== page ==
Requirements of a brain selective estrogen: Advances and remaining challenges for developing a NeuroSERM

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36 Scopus citations


Our goal is to develop therapeutic agents that prevent age-associated neurodegenerative disease such as Alzheimer's. To achieve this goal, we are building on extensive knowledge regarding mechanisms of estrogen action in brain and the epidemiological human data indicating that estrogen/hormone therapy reduces the risk of developing Alzheimer's disease when administered at the time of the menopause and continued over several to many years. The mechanisms of estrogen action in neurons provides a systematic mechanistic rationale for determining why estrogen therapy is efficacious for prevention of Alzheimer's disease and why it is not efficacious for long-term treatment of the disease. Our preclinical research plan is a hybrid of both discovery and translational research to develop a brain selective estrogen receptor modulator (SERM). We have termed such molecules NeuroSERMs to denote their preferential selectivity for activating estrogen mechanisms in brain. Our strategy to develop NeuroSERMs is threefold: (1) determine the target of estrogen action in brain, specifically the estrogen receptor in hippocampal and cortical neurons required for the neurotrophic and neuroprotective actions of estrogen; (2) develop NeuroSERM candidate molecules using three in silico discovery and design strategies and (3) determine the neurotrophic and neuroprotective efficacy of candidate molecules using neuronal responses predictive of clinical efficacy. Using an academic translational research model, a team of scientists with expertise in molecular biology, computational chemistry, synthetic chemistry, proteomics, neurobiology and mitochondrial function have been assembled along with state of the art technologies required to develop candidate NeuroSERM molecules.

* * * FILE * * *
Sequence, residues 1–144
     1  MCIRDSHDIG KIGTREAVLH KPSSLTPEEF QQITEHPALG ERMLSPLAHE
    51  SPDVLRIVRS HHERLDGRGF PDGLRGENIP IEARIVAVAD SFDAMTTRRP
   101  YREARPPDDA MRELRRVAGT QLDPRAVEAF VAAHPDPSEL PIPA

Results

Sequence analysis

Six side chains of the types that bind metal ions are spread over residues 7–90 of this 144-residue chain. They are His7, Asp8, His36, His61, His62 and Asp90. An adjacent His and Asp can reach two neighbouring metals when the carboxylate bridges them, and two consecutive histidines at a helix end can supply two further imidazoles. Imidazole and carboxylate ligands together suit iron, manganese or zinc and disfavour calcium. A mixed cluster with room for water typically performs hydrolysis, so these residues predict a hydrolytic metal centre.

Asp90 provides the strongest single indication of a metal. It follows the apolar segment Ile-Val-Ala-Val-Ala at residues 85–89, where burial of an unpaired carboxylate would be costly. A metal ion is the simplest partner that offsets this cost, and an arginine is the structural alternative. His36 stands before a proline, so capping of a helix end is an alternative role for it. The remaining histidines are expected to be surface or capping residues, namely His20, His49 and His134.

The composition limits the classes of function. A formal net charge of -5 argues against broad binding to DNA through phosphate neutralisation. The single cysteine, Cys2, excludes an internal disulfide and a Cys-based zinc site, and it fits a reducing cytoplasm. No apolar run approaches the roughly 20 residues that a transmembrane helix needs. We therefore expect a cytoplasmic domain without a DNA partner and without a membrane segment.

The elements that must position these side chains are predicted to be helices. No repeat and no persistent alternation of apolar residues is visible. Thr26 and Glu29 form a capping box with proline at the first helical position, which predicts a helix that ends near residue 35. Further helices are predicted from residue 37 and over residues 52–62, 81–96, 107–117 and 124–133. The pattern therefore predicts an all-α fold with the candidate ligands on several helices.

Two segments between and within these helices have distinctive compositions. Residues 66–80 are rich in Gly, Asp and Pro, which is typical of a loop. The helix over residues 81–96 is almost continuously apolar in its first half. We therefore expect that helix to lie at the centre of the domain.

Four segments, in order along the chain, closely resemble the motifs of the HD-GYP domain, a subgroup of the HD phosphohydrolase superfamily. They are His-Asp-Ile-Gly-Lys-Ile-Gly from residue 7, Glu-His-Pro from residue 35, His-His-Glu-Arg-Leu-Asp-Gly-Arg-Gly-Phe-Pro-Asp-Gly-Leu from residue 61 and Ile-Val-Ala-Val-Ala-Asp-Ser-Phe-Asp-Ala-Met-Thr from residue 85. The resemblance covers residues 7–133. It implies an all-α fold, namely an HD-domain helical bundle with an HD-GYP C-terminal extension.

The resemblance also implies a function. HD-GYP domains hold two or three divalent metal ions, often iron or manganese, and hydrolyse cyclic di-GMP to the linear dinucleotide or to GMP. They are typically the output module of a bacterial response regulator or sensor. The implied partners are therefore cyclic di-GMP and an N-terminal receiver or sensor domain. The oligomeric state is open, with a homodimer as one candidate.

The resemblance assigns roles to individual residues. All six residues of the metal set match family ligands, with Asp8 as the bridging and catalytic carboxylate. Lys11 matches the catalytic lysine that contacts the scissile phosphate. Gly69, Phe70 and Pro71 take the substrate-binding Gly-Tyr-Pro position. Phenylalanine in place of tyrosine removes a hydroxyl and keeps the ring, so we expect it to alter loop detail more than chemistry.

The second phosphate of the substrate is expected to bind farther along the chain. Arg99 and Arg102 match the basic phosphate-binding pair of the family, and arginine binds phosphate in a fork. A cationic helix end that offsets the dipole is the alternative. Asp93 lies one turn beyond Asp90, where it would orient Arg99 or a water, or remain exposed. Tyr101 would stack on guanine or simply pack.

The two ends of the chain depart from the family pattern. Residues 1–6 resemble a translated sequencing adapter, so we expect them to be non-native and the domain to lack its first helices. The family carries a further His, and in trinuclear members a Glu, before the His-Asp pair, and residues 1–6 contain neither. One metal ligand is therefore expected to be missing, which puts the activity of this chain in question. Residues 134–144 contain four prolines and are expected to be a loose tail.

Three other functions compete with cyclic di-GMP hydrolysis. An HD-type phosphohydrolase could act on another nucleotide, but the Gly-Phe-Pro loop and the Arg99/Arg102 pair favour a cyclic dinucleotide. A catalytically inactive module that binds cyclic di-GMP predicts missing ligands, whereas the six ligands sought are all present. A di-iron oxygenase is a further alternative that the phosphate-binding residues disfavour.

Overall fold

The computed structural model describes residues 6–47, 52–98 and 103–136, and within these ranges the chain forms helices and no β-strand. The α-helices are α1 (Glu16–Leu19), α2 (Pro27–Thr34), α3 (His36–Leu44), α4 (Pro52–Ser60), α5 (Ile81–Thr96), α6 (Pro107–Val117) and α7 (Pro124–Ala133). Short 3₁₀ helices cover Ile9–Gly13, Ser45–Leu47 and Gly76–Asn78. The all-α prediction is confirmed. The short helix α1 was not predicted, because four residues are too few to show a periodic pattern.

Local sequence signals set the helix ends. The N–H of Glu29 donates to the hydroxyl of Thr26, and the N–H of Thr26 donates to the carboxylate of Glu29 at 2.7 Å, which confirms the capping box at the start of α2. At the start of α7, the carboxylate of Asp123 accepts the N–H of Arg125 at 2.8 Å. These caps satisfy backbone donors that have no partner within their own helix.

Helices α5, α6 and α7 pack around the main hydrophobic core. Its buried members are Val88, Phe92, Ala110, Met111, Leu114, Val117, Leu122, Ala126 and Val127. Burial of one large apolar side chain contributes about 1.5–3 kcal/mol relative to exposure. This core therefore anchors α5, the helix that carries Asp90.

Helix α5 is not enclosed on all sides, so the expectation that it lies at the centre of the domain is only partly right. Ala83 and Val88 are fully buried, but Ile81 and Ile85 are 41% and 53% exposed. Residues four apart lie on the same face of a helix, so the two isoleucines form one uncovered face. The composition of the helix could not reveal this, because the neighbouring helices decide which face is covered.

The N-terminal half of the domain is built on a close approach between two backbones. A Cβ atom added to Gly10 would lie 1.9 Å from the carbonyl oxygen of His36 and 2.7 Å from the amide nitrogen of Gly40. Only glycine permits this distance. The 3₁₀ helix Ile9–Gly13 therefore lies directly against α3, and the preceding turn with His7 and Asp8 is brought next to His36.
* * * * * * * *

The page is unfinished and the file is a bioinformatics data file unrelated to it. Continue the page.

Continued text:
Original languageEnglish (US)
Pages (from-to)S27-S35
JournalJournal of Alzheimer's Disease
Issue numberSUPPL.
StatePublished - 2004
Externally publishedYes


  • Alzheimer's disease
  • Estrogen
  • Neurons
  • Neuroprotection
  • Therapeutics

ASJC Scopus subject areas

  • General Neuroscience
  • Clinical Psychology
  • Geriatrics and Gerontology
  • Psychiatry and Mental health


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